Friday, February 15, 2013

Cruiseship Faith

It's easy to throw stones at people when things are going wrong.  If we're not happy, no one's going to be happy.  So, it doesn't surprise any of us that passengers enjoying a floating vacation became irate when the boat went dead in the water.  No more buffet.  No more ports of call.  No more entertainment.  Not even a working toilet.  These are not the things that make for an enjoyable, well-deserved holiday.  You pay good money and expect to be treated like royality for a few days at sea.  They have good food in a fancy dining room always waiting for you.  They turn down your bed and make strange animals out of towels, leaving a mint on your pillow.  They spoil you into believing that this is the way life should be.  In fact, if you've ever been on a cruise, you know the common refrain of passengers on the day of disembarking is, "Back to life.  Back to reality."

In the midst of this "American tragedy" that received headline coverage, I said to my wife, "Their insufferable condition is similar to daily life of the third world.  In fact, most people of the majority world would find life on a cruise ship without power a step up, a better life, perhaps even a vacation."  And then it hit me.  I talk a lot about following Jesus.  But, I don't think I could follow him if I lived in the squallor of New Testament times (not to mention the daily life of most Christians of the majority world).  This is not a self-imposed guilt trip.  This is not an attempt to throw stones at our American way of life.  This is gut-level, honest assessment.  I couldn't have followed Jesus in his day.

Think of all the walking.  Miles and miles and miles (wouldn't you be tempted to cry out in saracastic tones, "are we there yet?").  Think of sleeping without a mattress, often out in the "wild," without showers and toilets and extra change of clothes (often, when I take a refreshing hot shower in the morning, I think to myself, "Jesus never experienced this").  Think of living on week-old bread and pickled fish.  Think of endless days, sleepless nights.  Think of all the dreadful odors--sweaty people, stinky handmade latrines, rotting flesh of lepers and smelly, diseased persons with oozing wounds and horrible dysentery.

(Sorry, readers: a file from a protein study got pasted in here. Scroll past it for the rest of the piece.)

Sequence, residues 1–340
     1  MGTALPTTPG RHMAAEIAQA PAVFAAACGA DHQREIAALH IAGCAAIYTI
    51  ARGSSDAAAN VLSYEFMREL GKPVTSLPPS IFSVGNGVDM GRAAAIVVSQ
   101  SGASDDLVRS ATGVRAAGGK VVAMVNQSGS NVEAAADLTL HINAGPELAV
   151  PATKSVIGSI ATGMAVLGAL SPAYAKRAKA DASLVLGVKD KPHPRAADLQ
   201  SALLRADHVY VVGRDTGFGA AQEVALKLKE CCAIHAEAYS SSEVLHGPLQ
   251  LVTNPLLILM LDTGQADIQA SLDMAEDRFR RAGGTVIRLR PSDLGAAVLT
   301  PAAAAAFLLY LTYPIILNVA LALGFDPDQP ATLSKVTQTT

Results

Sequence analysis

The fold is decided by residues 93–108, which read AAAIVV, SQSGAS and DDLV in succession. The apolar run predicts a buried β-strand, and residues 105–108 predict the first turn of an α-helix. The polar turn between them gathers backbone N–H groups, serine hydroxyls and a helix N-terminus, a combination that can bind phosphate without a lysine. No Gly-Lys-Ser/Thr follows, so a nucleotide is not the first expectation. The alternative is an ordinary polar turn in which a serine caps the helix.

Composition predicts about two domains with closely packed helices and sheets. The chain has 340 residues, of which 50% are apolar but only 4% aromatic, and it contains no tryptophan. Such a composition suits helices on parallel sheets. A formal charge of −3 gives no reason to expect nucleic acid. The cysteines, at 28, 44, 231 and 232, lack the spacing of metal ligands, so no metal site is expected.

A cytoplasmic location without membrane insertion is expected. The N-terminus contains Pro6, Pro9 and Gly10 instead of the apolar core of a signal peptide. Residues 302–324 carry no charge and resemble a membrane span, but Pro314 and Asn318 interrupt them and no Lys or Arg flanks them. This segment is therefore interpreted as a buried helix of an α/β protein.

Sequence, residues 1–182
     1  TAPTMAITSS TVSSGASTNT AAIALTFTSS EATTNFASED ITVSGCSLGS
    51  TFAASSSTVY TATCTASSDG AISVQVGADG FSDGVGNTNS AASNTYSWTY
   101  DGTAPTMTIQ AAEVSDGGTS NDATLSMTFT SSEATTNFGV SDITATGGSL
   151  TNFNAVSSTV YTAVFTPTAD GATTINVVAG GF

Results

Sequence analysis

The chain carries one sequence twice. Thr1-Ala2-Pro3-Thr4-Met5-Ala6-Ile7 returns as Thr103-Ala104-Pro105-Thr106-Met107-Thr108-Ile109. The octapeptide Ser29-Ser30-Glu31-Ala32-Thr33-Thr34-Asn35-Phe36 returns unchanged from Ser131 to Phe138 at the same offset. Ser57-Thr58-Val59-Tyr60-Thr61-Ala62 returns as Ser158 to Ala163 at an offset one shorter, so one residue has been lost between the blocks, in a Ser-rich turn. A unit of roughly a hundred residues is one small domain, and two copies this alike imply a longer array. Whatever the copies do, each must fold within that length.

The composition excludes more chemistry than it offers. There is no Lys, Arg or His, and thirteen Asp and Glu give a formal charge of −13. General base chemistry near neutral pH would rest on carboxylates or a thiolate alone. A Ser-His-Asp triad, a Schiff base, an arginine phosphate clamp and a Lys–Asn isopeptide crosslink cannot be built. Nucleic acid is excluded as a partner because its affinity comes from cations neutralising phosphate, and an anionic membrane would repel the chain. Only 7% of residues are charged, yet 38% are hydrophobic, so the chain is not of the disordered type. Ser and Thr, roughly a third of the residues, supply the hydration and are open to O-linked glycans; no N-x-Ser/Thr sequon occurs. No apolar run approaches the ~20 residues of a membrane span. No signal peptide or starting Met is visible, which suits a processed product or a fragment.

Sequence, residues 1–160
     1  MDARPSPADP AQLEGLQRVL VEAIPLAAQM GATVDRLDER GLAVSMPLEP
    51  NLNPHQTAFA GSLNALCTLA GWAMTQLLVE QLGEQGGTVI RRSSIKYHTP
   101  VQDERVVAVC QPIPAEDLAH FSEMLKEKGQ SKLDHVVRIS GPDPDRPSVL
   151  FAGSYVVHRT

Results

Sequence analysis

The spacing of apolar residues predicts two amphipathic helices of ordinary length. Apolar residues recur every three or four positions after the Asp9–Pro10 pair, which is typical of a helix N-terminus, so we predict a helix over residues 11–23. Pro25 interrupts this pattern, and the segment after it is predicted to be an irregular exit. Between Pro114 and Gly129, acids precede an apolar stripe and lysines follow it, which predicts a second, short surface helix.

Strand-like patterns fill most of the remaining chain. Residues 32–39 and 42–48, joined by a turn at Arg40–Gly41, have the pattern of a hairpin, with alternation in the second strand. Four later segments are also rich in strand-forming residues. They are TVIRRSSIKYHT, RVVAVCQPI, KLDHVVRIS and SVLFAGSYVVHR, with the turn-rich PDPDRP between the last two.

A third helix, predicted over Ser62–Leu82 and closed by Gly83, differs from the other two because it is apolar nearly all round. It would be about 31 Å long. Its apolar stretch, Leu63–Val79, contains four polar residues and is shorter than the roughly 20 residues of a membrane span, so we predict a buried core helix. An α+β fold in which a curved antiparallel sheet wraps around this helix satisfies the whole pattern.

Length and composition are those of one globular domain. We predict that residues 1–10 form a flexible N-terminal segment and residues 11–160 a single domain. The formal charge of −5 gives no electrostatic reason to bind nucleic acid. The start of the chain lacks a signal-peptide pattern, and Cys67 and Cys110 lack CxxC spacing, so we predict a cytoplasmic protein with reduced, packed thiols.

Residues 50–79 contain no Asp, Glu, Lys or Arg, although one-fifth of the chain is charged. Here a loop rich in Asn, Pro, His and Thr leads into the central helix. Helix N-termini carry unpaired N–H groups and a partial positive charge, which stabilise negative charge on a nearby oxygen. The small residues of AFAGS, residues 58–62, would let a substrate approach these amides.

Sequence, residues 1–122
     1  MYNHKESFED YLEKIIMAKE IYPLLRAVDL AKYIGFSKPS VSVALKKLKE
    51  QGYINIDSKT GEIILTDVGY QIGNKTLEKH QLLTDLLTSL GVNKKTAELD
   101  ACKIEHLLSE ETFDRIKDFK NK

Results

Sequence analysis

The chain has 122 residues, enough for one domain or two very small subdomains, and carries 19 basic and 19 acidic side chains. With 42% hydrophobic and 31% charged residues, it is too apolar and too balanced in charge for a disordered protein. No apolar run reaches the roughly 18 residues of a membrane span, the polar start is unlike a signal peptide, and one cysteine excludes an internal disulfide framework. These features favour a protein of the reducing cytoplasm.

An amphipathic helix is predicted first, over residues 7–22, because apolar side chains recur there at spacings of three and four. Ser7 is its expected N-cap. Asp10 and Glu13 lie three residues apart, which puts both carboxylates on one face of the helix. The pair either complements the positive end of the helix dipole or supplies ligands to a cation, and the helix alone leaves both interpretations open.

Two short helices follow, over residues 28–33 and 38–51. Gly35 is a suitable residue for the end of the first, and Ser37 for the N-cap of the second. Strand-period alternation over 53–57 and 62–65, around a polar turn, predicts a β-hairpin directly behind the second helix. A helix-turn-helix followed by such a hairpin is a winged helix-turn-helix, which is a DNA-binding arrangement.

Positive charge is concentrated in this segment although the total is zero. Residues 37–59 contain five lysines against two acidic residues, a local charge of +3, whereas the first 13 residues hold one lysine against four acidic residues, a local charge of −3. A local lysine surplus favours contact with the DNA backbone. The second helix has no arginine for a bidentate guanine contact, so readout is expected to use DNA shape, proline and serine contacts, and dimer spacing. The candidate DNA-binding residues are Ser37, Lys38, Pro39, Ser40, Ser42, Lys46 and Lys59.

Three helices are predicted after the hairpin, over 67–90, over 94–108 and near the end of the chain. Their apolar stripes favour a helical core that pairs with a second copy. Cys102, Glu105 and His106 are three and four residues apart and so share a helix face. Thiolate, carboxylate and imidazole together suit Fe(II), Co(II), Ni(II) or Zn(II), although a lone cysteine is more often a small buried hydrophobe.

Yeah, I know it would be exciting to see all the miracles and what not.  But, I'm not sure that would be enough to keep me going.  Honestly, after a while--knees and feet aching from all the walking, no place to call home, nothing of what we call "the creaturely comforts"--I would pack it in.  Go home.  Following Jesus back then would be too tough for me.

In fact, I would also find it rather difficult to follow Jesus on a dead-in-the-water cruiseship.  I probably would have been miserable, constantly grumbling to myself about the horrible conditions, never even giving it a second thought that the great majority of the world's population deal with far worse every day.  Every day.  Every day.  Every.  Day.

I'm grateful to God that I get to follow Jesus in America because we have warm beds and hot food, handy transportation and working toilets, and the prospect of taking a vacation from the daily pressures of life on a cruise ship.

Tuesday, February 05, 2013

"The Flash" of Inspiration

As a few of you know, my partners in crime (David Capes and Randy Richards) and I are working on a new writing project, "Rediscovering Jesus" (IVP).  We're trying to offer a perspectival view of Jesus in two parts, canonical and non-canonical.  We're currently writing part one, the canonical Jesus, taking a descriptive approach to each biblical author's take on Jesus.  At the moment, I'm reading/thinking about the Apocalyptic Jesus in the Revelation of John, toying with the problem:  how do I begin to explain why this Jesus is so different from the other "Jesuses" in the New Testament?  Then it hit me:  Jesus is a cartoon character in the Apocalypse and the Revelation is the first comic book.

I like the implications.  What do you think?